But by late 2019, as Mr. Perdue’s re-election bid on a ticket with Mr. Trump loomed, he seemed more amenable to the president’s approach.
“The tariffs are creating the opportunity for people to come to the table,” he said, according to The Atlanta Journal-Constitution. “For the first time in five decades, we are standing up to the Chinese and other trading partners around the world, and all we want is equal access and a level playing field.”
The crosscurrents on trade could be tricky, and suddenly Mr. Perdue’s globalist background made him susceptible to attacks from fellow conservatives. In September 2019, Lou Dobbs, the powerful pro-Trump TV personality, reported that Mr. Perdue and another senator were visiting Beijing, where, Mr. Dobbs warned, they “may well be undercutting U.S. and China trade negotiations” and progress made by the president. Mr. Dobbs noted Mr. Perdue’s outsourcing record.
A day later, Mr. Dobbs issued a correction, noting that Mr. Trump had approved the trip.
The China Problem
In 2016, Mr. Perdue had preached Republican unity as the divisive Mr. Trump began gaining ground in the G.O.P. primary. But the senator helped spark a civil war among Georgia Republicans in 2020 when he and his Georgia runoff-mate, Senator Kelly Loeffler, demanded the resignation of the state’s top elections official, a Republican, calling the election he oversaw an “embarrassment.”
More recently, the senators supported a failed Texas lawsuit that would have blocked the election result in Georgia, where President-elect Joseph R. Biden Jr. beat Mr. Trump by about 12,000 votes, and in three other states Mr. Trump lost.
The battle over Mr. Perdue’s Senate seat has been no less fierce. Mr. Ossoff’s “crook” attack, in a televised debate in October, was based on disclosures that Mr. Perdue, the Senate’s most prolific stock trader, made a number of well-timed trades, including in companies that could be affected by his committee’s votes. An investigation of some of Mr. Perdue’s stock dealings by the Justice Department and the Securities and Exchange Commission ended without prosecution, and Mr. Perdue has used those facts to argue that he has done nothing wrong.
Mr. Ossoff has revived criticism of Mr. Perdue’s outsourcing record. And the senator has also had to fend off charges of bigotry, for both his mockery of Ms. Harris’s name and an online campaign ad that showed a photo of Mr. Ossoff, who is Jewish, with a lengthened nose. Mr. Perdue’s campaign has called the image in the ad an accident caused by a “filter” applied by an outside vendor handling the graphic design.
For his part, Mr. Perdue’s closing attack is in keeping with Republicans’ emerging argument that Democrats like Mr. Ossoff are too weak, and in some cases too compromised, to stand up to the threat of Chinese global dominance.
Mr. Ossoff, Mr. Perdue contends, is a radical left-winger with a grave “China problem.” He cites as proof a $1,000 agreement that allowed a large media company in Hong Kong, PCCW, to rebroadcast a documentary Mr. Ossoff’s company produced about the Islamic State.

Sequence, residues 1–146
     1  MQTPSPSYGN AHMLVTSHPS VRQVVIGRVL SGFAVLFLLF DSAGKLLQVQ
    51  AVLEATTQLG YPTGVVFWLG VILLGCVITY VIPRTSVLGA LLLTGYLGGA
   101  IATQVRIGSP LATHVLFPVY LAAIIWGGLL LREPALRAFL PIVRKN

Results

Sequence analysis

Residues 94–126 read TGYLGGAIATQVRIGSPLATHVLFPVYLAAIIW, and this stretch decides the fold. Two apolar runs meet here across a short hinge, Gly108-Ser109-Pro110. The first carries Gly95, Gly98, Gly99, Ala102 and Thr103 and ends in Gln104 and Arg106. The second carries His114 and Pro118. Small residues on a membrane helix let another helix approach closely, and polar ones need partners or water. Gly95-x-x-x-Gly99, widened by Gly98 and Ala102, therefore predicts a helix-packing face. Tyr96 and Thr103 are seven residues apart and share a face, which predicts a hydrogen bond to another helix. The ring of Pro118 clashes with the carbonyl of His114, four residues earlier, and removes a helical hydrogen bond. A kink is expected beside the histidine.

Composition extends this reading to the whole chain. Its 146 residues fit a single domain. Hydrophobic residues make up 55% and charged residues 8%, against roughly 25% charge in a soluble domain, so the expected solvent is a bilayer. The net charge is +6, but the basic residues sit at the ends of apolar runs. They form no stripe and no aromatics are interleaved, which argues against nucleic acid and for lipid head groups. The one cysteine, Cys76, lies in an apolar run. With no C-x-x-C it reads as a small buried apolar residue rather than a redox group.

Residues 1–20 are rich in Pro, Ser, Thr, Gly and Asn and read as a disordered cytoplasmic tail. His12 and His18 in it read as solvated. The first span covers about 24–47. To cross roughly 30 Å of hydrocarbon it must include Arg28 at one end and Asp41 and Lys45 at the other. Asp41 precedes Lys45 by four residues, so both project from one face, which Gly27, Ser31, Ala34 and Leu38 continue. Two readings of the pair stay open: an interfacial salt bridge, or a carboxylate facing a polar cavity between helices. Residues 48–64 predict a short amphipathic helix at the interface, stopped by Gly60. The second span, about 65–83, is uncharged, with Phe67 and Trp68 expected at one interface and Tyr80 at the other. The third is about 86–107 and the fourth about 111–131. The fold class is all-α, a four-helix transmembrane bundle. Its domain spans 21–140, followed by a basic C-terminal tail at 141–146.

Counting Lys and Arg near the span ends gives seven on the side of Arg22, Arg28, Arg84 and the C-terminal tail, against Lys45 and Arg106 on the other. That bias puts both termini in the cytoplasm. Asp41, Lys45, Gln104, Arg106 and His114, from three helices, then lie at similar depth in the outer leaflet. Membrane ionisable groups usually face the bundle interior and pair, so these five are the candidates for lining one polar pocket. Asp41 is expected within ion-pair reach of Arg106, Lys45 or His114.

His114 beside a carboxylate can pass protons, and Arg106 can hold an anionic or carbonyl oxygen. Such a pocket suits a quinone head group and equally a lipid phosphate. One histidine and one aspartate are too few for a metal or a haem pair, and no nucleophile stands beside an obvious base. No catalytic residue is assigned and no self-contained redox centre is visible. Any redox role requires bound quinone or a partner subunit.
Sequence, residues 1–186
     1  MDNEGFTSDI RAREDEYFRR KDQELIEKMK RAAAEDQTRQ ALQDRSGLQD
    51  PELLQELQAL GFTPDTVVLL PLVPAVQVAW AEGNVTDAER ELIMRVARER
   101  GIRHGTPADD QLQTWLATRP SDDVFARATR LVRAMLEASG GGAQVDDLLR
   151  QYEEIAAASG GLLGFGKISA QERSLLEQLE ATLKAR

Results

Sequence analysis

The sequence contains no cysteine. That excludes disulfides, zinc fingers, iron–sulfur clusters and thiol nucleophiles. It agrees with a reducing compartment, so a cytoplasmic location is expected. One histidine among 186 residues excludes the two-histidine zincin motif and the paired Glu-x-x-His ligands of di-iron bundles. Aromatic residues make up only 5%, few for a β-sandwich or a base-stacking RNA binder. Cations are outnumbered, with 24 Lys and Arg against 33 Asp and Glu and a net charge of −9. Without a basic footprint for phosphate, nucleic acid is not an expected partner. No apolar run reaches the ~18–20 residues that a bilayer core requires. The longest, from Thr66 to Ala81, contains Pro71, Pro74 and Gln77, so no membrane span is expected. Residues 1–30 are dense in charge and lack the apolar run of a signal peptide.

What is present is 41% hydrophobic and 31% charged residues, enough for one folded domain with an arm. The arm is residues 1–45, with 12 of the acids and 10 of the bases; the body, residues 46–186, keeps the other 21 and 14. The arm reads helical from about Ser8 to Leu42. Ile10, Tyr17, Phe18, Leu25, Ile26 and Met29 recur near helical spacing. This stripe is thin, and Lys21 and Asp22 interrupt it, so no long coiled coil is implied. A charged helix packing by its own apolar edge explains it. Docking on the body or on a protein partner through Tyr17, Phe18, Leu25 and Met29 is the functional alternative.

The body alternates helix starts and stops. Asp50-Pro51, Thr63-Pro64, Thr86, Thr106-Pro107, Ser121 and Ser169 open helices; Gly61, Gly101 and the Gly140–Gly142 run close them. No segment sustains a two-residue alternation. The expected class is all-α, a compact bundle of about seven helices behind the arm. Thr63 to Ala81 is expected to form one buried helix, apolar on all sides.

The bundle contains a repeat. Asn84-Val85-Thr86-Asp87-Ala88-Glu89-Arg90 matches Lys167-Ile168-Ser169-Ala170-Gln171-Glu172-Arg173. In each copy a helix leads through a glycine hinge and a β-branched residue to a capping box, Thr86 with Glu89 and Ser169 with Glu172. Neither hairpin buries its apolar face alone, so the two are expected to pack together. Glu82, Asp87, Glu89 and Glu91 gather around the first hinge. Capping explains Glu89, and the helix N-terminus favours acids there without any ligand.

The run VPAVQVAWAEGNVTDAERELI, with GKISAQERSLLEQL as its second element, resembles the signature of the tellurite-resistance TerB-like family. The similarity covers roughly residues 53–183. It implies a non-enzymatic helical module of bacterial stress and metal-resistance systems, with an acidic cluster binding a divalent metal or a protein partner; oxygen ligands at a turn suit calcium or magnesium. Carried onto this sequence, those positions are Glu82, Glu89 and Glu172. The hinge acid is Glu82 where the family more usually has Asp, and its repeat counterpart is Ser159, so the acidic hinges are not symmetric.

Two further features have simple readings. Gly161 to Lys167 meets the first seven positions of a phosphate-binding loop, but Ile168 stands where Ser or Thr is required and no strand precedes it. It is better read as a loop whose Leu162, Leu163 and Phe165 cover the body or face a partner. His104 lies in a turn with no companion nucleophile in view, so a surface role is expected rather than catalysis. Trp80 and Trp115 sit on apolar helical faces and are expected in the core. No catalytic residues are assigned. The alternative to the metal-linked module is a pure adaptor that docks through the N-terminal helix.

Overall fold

Previous reports have characterized one of PCCW’s investors, China Unicom, as a state-owned Chinese company, a point Mr. Perdue has used in an effort to tie Mr. Ossoff to the Chinese Communist Party.
“For two years, he worked with the C.C.P.,” the senator said in a Fox News interview.
Mr. Perdue has said little about his own China ties.
In 1991, the year before he headed to Hong Kong to build Sara Lee’s Asian outsourcing operation “from the ground up,” the company proudly announced a new foothold in Asia — a deal in Fuzhou, China.
The joint venture, Fujian Sara Lee Consumer Products, manufactured toothpaste, shampoo and other personal care products. It was partially owned by the Chinese government, according to a report in The Chicago Tribune announcing the venture.
As the Fujian arrangement continued, Mr. Perdue busied himself with building Sara Lee’s first centralized sourcing operation in Asia, including in mainland China, he said in a deposition in 2005. That involved lining up suppliers and overseeing quality control and human rights practices for the company, which manufactured Hanes clothing, among other things.
No American firm could have established such an operation in China at that time without dealing extensively with the government or the Communist Party, industry experts said.
“You don’t just wander into China without central government and local party officials wanting to know what you’re doing,” said Michael Posner, a professor at New York University’s Stern School of Business and a top human rights official during the Obama administration. “It’s a very controlled environment. And anybody there who is dealing with factories would have had to deal with that.” (While some of its products remain on the market, Sara Lee has since disbanded.)
This week, The Times asked Mr. Perdue’s campaign if he had any other business involving the Chinese government.
The campaign declined to answer.
Kate Kelly and Jannat Batra contributed reporting. Susan Beachy, Kitty Bennett and Sheelagh McNeill contributed research.